Introduction to Competitive Advantage in Information Systems

As you read, think about how using, protecting, and managing information and data could support an organization's competitive advantage. Conversely, failure to protect data, particularly personal information, could reduce or destroy any competitive advantage within a business. How does understanding customer information and data support current operations? How might it impact future operations?

Data Rich, Information Poor

Incompatible Systems

Just because data is collected doesn't mean it can be used. This limit is a big problem for large firms that have legacy systems. Incompatible legacy systems can be a major roadblock to turning data into information, and they can inhibit firm agility, holding back operational and strategic initiatives., outdated information systems that were not designed to share data, aren't compatible with newer technologies, and aren't aligned with the firm's current business needs. The problem can be made worse by mergers and acquisitions, especially if a firm depends on operational systems that are incompatible with its partner. And the elimination of incompatible systems isn't just a technical issue. Firms might be under extended agreement with different vendors or outsourcers, and breaking a contract or invoking an escape clause may be costly. Folks working in M&A (the area of investment banking focused on valuing and facilitating mergers and acquisitions) beware - it's critical to uncover these hidden costs of technology integration before deciding if a deal makes financial sense.

Legacy Systems: A Prison for Strategic Assets

The experience of one Fortune 100 firm that your author has worked with illustrates how incompatible information systems can actually hold back strategy. This firm was the largest in its category, and sold identical commodity products sourced from its many plants worldwide. Being the biggest should have given the firm scale advantages. But many of the firm's manufacturing facilities and international locations developed or purchased separate, incompatible systems. Still more plants were acquired through acquisition, each coming with its own legacy systems.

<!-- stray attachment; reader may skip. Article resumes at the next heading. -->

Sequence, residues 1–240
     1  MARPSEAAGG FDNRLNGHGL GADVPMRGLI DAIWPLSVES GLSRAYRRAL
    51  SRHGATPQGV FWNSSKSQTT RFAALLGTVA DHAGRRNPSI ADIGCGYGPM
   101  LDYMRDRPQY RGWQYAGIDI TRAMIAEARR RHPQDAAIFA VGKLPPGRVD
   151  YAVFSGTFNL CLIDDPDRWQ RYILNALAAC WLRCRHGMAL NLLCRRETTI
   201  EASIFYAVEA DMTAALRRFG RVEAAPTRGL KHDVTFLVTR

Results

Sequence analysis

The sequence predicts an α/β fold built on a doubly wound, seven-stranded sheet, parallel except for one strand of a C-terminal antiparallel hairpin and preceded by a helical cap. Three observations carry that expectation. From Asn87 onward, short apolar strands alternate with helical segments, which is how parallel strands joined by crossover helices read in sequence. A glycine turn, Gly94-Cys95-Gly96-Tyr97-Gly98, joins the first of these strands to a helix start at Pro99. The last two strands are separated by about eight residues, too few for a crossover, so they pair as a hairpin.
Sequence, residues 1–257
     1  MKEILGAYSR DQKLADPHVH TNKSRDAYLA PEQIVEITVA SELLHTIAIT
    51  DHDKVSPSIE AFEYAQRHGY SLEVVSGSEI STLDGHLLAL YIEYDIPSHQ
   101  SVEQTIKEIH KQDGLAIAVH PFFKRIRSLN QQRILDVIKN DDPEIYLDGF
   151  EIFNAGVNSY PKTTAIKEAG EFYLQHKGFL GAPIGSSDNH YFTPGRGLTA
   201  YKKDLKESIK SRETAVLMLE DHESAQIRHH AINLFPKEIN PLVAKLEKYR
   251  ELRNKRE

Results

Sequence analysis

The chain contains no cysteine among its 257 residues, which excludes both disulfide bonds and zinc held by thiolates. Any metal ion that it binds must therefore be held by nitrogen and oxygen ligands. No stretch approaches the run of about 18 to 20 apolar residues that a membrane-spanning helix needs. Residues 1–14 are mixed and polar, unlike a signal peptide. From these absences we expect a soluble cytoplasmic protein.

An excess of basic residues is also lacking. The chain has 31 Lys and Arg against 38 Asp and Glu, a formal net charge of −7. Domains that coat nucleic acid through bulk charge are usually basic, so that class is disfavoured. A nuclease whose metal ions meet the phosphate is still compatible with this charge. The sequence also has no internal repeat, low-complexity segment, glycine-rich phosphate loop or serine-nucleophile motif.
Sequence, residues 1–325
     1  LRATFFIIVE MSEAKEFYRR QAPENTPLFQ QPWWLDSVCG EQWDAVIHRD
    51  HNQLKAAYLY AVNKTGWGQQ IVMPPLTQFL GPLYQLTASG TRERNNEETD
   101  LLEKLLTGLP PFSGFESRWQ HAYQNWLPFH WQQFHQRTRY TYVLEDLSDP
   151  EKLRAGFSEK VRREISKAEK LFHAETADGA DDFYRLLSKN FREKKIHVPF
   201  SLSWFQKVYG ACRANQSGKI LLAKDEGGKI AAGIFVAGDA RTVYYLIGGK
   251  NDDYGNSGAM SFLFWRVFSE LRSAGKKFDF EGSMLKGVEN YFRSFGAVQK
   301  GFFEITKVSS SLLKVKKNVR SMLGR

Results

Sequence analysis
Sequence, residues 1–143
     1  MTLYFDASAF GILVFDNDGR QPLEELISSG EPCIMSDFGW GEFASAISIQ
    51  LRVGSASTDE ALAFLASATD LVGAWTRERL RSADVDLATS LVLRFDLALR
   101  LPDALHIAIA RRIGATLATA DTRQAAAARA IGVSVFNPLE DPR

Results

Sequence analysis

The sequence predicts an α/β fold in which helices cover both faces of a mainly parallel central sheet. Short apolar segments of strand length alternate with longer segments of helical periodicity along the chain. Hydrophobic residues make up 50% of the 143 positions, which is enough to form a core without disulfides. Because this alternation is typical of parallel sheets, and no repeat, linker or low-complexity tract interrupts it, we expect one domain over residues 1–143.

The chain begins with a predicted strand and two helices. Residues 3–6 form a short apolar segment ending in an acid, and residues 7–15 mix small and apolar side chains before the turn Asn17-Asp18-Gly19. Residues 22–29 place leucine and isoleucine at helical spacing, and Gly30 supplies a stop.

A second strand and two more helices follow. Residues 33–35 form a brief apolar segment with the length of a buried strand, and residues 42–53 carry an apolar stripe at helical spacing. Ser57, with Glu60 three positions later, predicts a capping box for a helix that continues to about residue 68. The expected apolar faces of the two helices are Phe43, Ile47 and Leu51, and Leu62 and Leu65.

The plants with different information systems used different part numbers and naming conventions even though they sold identical products. As a result, the firm had no timely information on how much of a particular item was sold to which worldwide customers. The company was essentially operating as a collection of smaller, regional businesses, rather than as the worldwide behemoth that it was.

After the firm developed an information system that standardized data across these plants, it was, for the first time, able to get a single view of worldwide sales. The firm then used this data to approach their biggest customers, negotiating lower prices in exchange for increased commitments in worldwide purchasing. This trade let the firm take share from regional rivals. It also gave the firm the ability to shift manufacturing capacity globally, as currency prices, labor conditions, disaster, and other factors impacted sourcing. The new information system in effect liberated the latent strategic asset of scale, increasing sales by well over a billion and a half dollars in the four years following implementation.